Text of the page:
As for what to call someone who works at a deli, I would use "deli worker" or the gender-specific (and very casual) "deli guy" and "deli lady."

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    "I think it's somewhat tongue-in-cheek since the sandwiches they sell are of very poor quality." I think they're pretty good myself. – Joe Z. Nov 3 '14 at 16:48
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    @JoeZ. I agree they're not bad, but works of art they are not. I was overly harsh in my answer and I'll correct it. :) – Joel Anair Nov 3 '14 at 19:00
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    As far as mass-produced subs go, yeah they're okay. But I think your current wording is the best: there's nothing incredibly artistic about them. Now, the executive chefs that designed them, when considering how they look, taste, cost, and how easy they are to prepare, that could be considered art. But that would make the teenagers doing the preparing just laborers, not artists. – corsiKa Nov 3 '14 at 19:41
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    I agree that they're unexceptional, but they're still pretty good. Correction accepted. :) – Joe Z. Nov 3 '14 at 19:42
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    This is an interesting answer but, and you allude to this, Subway corporate jargon is not general English usage. – David Richerby Nov 4 '14 at 12:42
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"Short-order cook" might work if anything else besides sandwiches is prepared there. If not, then "sandwich-maker" as proposed by Mari-Lou A might be best.

Example of use: "The short order cook prepared a sandwich for the irate customer in two minutes flat."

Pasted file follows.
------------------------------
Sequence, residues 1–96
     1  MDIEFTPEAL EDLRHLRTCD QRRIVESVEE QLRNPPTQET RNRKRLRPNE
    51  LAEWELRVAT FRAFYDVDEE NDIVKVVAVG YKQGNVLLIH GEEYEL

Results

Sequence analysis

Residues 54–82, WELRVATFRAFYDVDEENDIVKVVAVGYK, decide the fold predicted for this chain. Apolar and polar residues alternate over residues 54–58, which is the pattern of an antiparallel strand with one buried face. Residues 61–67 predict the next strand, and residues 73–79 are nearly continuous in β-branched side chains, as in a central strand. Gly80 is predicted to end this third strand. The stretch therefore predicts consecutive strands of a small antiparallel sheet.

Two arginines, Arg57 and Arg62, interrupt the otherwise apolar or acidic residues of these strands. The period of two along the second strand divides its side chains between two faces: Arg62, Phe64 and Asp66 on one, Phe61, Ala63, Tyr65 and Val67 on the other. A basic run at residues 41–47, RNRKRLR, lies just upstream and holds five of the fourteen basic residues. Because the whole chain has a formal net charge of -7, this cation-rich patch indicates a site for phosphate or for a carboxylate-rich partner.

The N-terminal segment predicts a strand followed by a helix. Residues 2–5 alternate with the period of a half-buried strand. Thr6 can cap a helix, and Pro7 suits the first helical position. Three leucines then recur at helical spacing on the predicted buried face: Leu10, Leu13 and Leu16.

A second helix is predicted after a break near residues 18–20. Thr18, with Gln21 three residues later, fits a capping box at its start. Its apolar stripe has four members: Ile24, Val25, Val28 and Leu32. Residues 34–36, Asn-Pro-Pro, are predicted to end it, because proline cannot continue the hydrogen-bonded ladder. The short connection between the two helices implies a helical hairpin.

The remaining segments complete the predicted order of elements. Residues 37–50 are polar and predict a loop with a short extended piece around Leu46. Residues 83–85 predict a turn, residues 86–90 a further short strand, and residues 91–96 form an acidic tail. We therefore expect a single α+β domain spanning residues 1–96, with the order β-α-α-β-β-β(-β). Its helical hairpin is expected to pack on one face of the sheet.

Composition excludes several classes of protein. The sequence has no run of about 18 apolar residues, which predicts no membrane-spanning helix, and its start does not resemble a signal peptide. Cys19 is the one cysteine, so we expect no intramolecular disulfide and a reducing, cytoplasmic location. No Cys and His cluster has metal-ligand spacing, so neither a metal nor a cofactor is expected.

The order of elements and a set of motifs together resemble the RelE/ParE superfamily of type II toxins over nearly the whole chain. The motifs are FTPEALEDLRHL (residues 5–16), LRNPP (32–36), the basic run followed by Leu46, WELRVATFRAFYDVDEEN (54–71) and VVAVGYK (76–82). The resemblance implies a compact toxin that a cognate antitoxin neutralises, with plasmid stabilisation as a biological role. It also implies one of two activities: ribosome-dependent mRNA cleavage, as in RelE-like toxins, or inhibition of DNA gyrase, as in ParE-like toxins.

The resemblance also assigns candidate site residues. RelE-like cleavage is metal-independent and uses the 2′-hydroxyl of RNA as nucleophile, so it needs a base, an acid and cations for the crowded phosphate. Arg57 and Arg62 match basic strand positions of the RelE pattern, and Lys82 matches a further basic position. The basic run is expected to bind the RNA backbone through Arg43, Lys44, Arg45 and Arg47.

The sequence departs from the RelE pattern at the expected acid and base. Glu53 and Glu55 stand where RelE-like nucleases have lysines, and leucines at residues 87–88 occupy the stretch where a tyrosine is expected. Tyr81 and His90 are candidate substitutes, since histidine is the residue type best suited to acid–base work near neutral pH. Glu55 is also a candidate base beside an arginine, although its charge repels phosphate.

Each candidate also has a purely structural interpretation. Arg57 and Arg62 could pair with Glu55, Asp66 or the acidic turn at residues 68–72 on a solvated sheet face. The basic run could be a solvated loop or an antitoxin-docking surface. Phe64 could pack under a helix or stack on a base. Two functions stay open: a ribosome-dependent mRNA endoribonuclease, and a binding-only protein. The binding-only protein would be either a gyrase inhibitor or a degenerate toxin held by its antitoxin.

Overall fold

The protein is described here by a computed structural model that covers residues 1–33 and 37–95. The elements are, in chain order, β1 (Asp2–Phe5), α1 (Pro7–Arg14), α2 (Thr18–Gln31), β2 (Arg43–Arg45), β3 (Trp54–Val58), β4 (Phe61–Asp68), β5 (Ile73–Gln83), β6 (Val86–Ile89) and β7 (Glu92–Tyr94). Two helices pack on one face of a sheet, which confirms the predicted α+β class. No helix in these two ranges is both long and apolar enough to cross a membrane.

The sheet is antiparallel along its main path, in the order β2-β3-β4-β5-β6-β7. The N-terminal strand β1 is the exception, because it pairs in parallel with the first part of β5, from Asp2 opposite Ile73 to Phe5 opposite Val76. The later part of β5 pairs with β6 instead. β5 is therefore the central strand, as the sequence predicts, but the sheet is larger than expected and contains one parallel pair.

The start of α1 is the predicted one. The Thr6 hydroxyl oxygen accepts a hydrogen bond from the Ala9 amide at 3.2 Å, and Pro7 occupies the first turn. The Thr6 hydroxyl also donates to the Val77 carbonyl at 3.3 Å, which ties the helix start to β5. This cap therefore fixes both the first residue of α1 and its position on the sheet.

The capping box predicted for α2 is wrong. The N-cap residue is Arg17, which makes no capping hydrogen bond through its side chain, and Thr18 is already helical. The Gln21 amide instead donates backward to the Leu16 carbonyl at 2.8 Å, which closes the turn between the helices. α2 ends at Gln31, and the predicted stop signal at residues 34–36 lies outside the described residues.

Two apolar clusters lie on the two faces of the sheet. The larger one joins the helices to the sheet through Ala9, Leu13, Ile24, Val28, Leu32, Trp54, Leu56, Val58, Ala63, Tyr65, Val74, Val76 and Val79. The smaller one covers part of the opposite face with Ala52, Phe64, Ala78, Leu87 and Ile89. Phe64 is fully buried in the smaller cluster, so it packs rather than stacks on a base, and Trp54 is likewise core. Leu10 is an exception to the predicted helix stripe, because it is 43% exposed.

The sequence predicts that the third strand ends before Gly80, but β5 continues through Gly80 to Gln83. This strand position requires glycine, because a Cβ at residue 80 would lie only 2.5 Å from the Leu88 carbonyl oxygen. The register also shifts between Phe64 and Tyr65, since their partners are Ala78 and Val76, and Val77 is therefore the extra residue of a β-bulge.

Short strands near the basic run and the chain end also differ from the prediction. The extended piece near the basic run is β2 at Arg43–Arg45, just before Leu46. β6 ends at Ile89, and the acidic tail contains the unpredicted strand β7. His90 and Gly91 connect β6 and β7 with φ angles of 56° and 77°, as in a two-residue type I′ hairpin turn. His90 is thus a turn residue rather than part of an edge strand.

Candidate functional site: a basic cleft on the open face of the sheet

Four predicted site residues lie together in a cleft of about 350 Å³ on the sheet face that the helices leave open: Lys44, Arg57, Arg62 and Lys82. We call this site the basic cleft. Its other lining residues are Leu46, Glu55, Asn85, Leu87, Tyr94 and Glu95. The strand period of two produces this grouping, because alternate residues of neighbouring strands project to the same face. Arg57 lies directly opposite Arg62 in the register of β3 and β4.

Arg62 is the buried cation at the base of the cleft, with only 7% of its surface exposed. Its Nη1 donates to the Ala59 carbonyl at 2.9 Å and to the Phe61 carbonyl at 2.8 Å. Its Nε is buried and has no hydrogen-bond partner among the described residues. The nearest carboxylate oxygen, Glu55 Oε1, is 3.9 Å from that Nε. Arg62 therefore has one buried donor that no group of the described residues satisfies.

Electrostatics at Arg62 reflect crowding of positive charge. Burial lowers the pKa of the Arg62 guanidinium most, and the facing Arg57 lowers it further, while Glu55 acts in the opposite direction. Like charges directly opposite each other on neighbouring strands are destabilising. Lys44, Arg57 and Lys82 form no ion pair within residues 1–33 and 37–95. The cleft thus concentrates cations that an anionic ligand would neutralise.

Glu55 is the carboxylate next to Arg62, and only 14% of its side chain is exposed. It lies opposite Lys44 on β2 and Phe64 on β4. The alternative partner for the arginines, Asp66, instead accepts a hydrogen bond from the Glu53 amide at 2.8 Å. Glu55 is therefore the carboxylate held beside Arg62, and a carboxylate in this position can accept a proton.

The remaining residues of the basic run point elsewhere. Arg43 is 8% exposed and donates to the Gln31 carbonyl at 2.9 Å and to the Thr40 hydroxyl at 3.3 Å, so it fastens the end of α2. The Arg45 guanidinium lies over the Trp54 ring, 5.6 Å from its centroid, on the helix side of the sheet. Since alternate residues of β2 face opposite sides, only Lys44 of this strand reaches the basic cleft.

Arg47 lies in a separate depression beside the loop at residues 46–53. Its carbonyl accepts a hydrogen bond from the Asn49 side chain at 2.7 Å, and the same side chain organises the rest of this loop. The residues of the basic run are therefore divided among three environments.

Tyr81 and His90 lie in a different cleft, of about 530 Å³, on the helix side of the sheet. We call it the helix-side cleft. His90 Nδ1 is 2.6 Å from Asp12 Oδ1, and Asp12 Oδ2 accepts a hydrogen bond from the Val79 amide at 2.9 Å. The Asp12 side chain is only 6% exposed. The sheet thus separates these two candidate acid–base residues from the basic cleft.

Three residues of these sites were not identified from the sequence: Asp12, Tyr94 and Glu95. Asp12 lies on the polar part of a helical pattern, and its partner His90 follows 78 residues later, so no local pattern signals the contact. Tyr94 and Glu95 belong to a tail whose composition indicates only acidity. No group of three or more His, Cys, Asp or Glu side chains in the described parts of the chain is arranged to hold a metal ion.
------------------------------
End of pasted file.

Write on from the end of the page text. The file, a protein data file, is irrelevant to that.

http://www.wisegeek.org/what-is-a-short-order-cook.htm (this description of the job has a sandwich as a example)

http://dictionary.cambridge.org/dictionary/british/short-order-cook

2

As nobody gave the obvious answer yet, I will give it:

There is no word in English for someone who both makes and sells sandwiches.


But I think sandwich seller can be considered in the right context. Because it is high-likely that he is also making the sandwiches. Though, it usually connotes a street seller rather than someone who works at a sandwich shop/bar.

Additionally, sandwich seller is used as a term who works at a sandwich shop in a economy-related book called "Free Market Economics, Second Edition: An Introduction for the General Reader" By Steven Kates. I also found this phrase in some other economy related publications.

  • Likewise a sandwich-maker could also be the owner of a snack bar. The seller is not necessarily the same person who prepares the sandwiches, it's not a given. – Mari-Lou A Nov 4 '14 at 16:16
  • @Mari-LouA: To me, sandwich seller sounds like a more encompassing word. And I already meant that seller is not necessarily the same person who makes the sandwiches but to me, it is high-likely. But the answer is there is no word for what OP is asking. – ermanen Nov 4 '14 at 16:22
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    I don't think this demonstrates how generic the term is. This usage appears to be merely prosaic use of two words to form a description ("sandwich seller" = "seller of sandwiches"), not a properly unified term or English compound word (which are sometimes compounded with a separating space, which confuses this issue to no end...). – SevenSidedDie Nov 5 '14 at 5:12
  • @SevenSidedDie: Deleted graph and comment. – ermanen Nov 5 '14 at 15:35
  • I have to say I disagree that sandwich seller ‘sounds like’ someone who both makes and sells the sandwiches. To me, it sounds quite forcibly like someone who doesn’t make the sandwiches, but just sells them. – Janus Bahs Jacquet Nov 10 '14 at 13:54
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Surely we must coin a new term: Sandwichsta ("san(d) WEECH sta")


But seriously folks: I don't think English has a one-word term for this. "The deli guy/gal" is pretty much as close as I've ever heard.

0

Would sandwich monger be a candidate? Granted this would be a bit more UK-focused, and is generally more focused on the selling and trade than the making.

  • That's a good tip – codezombie Nov 4 '14 at 19:37
  • I think sarniemonger is my new favourite word. – mikeagg Nov 5 '14 at 14:21

protected by Community Nov 5 '14 at 5:14